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SEMO to evacuate buildings for drill
Southeast Missouri State University will clear every campus building for an emergency drill today in what officials say likely will be the first mass evacuation in the school's history.
It will send thousands of students and teachers outdoors at once.
"It will be a wake-up call for people," said Art Wallhausen, associate to the president at Southeast.
But some students feel the campuswide exercise will do little to prepare people for a real emergency.
"To do the whole university all at one time, I think it is going to be madness," said Amanda Barton, a freshman from Jackson, Mo. "I don't think it is going to help at all."
Emily Henley, a sophomore from Jackson, sees little reason to practice evacuating campus buildings.
"I think we are old enough to find an exit," she said as she sat with friends outside the University Center on Monday.
But school officials insist the drill and the brief disruption to campus life is worth it.
Under university president Ken Dobbins, Southeast has placed increased emphasis on emergency preparedness. The university installed seven warning sirens around campus eight months ago. The sirens also work as a public address system and the university has added evacuation siren tones to the $140,000 system.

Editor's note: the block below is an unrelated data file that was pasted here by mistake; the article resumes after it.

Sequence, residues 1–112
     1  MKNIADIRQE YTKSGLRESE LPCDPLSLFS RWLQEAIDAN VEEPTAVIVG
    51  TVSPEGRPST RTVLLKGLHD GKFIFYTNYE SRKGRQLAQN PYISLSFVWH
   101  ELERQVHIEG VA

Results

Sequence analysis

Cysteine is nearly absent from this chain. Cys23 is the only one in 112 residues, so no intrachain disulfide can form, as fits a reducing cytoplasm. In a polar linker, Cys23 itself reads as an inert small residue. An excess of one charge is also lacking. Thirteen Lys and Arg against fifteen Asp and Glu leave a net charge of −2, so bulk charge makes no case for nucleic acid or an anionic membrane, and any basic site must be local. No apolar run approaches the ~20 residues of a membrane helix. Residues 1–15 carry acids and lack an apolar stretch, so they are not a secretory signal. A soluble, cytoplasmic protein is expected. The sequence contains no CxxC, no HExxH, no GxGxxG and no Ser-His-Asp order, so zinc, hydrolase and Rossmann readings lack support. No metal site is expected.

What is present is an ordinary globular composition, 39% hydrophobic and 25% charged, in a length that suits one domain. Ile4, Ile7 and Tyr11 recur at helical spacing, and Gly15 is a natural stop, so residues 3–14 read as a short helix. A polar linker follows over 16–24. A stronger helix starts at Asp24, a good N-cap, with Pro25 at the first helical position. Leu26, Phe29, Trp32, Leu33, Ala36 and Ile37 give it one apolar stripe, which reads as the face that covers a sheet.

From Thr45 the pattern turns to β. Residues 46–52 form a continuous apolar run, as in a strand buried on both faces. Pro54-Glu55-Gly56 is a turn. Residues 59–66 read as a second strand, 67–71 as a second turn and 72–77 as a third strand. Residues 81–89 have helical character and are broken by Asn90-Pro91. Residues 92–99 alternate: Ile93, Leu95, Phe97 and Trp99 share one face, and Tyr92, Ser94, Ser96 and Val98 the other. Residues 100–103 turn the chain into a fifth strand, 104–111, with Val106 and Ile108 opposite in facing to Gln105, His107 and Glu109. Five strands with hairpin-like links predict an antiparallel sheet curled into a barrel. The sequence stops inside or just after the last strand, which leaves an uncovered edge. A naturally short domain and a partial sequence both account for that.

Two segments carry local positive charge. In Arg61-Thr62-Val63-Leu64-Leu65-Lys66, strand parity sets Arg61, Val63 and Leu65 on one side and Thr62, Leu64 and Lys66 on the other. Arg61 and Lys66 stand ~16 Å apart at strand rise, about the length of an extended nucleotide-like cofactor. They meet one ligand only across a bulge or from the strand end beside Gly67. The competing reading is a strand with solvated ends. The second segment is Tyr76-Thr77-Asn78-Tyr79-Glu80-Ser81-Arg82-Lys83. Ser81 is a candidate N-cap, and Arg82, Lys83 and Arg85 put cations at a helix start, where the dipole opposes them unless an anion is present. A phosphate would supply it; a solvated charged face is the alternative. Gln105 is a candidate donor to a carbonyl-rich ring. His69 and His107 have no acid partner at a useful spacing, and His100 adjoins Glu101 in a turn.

Sirens to sound
The sirens will be sounded continuously for three minutes to start the evacuation drill at 11:05 a.m., school officials said. A message will alert students, faculty, staff and visitors that this is a test. People will be directed to assembly areas outside the buildings.
About 60 building coordinators wearing bright orange vests will be in the assembly areas to count those who have evacuated.
Doug Richards, Southeast's public safety director, said he hopes the drill can be completed within 15 minutes. Students, faculty and staff then will be able to re-enter the buildings.
Richards said it is important to alert employees and staff to the evacuation tone and train employees and students on how to properly evacuate buildings.
The evacuation drill could prove useful in the event of an earthquake, hazardous chemical spill or even a terrorist attack, Richards said.
The Sept. 11 terrorist attacks on the East Coast have focused new attention on the need for emergency preparedness, he said.
"We used to be of the mind-set that it is never going to happen, but after Sept. 11, we can't take anything for granted any more," said Richards.
The drill, he said, will point out where improvements are needed on campus regarding emergency preparedness.
"There will be a lot of mistakes made," he said.
The outdoor sirens aren't designed to be heard indoors, but Richards believes that the sirens are spread around campus to the point that they will be heard inside many of the structures.
The university mailed letters to all students and university employees and posted signs on campus buildings and at parking lots to give advance notice to the emergency drill.
Richards said the university isn't trying to scare or surprise people. Still, not everyone received word.
Frankie Ramsey, a Southeast senior who lives off campus in Cape Girardeau, said Monday he never received a letter and didn't pay attention to any of the posted signs. Ramsey said the drill makes sense, but the university should have done a better job of notifying students.
335-6611, extension 123